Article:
Blood Group Distribution Today
Overall, there such large populations of blood group O (40-45%) and A (35-40%) versus much lower rates of groups B (4-11%) and AB (0-2%). By looking at the distribution of blood groups today, we can see the threads of our evolutionary history. In the United States, O is the most prevalent blood group, A is second, followed by B, and finally AB. The breakdown in Great Britain is very similar to the U.S. percentages. In Germany there are slightly more A than O; B and AB remain almost the same as U.S. percentages. In Japan and China As, Os and Bs are fairly evenly split, and the AB percentage increases over that found in European populations.

Evolution In Digestion and Immunity
The variations, strengths and weaknesses of each blood group can be seen as part of humanity?s continual process of acclimating to different environmental challenges. Most of these challenges have involved the digestive and immune systems. It is no surprise, then, that many of the distinctions between the blood groups involve basic functions of our digestive and immune systems.

Back in ancient times, as humans migrated and were forced to adapt their diets to local conditions, the new diets provoked changes in their digestive tracts and immune systems, necessary for them to first survive and later thrive in their new habitats. Different foods metabolized in a unique manner by each ABO blood group probably resulted in that blood group achieving a certain level of susceptibility (good or bad) to the endemic bacteria, viruses and parasites of the area. This probably more than any other factor was what has influenced the modern day distribution of our blood group. It is fascinating to note that virtually all the major infectious diseases that ran so rampant throughout our pre-antibiotic history have ABO blood group preferences of one group or another.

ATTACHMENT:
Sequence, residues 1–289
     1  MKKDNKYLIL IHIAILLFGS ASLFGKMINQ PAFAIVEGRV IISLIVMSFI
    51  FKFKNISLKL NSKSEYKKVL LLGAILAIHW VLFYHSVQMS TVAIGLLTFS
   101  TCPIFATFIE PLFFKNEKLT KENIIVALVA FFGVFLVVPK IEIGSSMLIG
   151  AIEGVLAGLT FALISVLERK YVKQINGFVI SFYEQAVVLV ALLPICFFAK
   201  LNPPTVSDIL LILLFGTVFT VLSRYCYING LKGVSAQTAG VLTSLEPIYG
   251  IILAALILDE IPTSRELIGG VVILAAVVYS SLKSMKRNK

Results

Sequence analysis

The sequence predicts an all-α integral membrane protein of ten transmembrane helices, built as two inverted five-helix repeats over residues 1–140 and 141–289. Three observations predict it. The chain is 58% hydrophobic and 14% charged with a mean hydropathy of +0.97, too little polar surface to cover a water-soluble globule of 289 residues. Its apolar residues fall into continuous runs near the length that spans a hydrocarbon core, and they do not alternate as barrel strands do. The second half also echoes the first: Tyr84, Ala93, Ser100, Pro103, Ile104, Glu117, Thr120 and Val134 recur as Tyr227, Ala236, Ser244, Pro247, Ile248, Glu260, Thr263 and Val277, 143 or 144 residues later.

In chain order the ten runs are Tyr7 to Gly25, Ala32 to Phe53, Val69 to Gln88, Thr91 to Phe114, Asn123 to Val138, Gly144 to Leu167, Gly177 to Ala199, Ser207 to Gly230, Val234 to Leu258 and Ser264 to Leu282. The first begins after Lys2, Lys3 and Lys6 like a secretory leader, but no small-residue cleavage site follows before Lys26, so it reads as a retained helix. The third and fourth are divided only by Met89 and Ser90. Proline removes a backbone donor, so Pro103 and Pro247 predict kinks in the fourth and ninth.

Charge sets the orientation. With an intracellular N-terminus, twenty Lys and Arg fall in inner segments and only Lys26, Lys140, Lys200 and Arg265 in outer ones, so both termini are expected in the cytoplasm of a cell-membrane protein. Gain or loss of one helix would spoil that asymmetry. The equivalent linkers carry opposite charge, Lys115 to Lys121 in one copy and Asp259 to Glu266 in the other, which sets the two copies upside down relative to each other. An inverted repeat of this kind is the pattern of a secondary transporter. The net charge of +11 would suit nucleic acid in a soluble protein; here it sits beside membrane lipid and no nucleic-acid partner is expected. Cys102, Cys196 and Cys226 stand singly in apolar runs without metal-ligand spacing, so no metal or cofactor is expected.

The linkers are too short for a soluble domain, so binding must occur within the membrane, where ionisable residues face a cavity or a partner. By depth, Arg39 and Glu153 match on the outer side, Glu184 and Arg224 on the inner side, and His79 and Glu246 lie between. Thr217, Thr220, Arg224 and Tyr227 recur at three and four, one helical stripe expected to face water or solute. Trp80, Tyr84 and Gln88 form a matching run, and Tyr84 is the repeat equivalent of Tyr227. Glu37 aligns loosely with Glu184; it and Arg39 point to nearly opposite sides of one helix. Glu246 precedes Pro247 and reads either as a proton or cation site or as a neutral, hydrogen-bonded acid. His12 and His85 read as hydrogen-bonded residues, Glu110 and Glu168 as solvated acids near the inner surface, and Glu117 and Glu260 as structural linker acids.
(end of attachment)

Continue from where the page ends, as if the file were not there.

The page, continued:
This results from the fact that many microbes possess ABO “blood types” of their own. It is perhaps useful to understand that the ABO blood group antigens are not unique to humans, although humans are the only species with all four variants. They are relatively simple sugars which arte abundantly found in nature. A bacteria which for example possessed an antigen on its surface that mimicked the blood group A antigen would have a much easier time infecting a person who was group A, since that bacteria would more likely be considered “self” to the immune system of a blood group A person. Also, microbes may adhere to the tissues of one ABO group in preference to another, by possessing specialized adhesion molecules for that particular blood group.

The horrors of the Black Plague, which ran unchecked throughout Europe in the thirteenth and fourteenth centuries, is a perfect example. The Plague was a disease caused by bacterial infection and was almost certainly fatal to those who contracted it in the early years of its initial spread. By the fifteenth century, however, fatalities were rare, although many people continued to contract the infection. In just two generations, traits were developed in the survivors that protected them from fatal infections. Since these traits were necessary to survival, they were then passed on and retained as a form of genetic memory. The Black Plague is especially interesting from a perspective of the ABO blood groups, since Yersinia is a bacteria with a preference for individuals of specific ABO group, in this case, group O.

Excerpted from: “Blood groups and the history of peoples” in THE EAT RIGHT 4 YOUR TYPE ENCYCLOPEDIA

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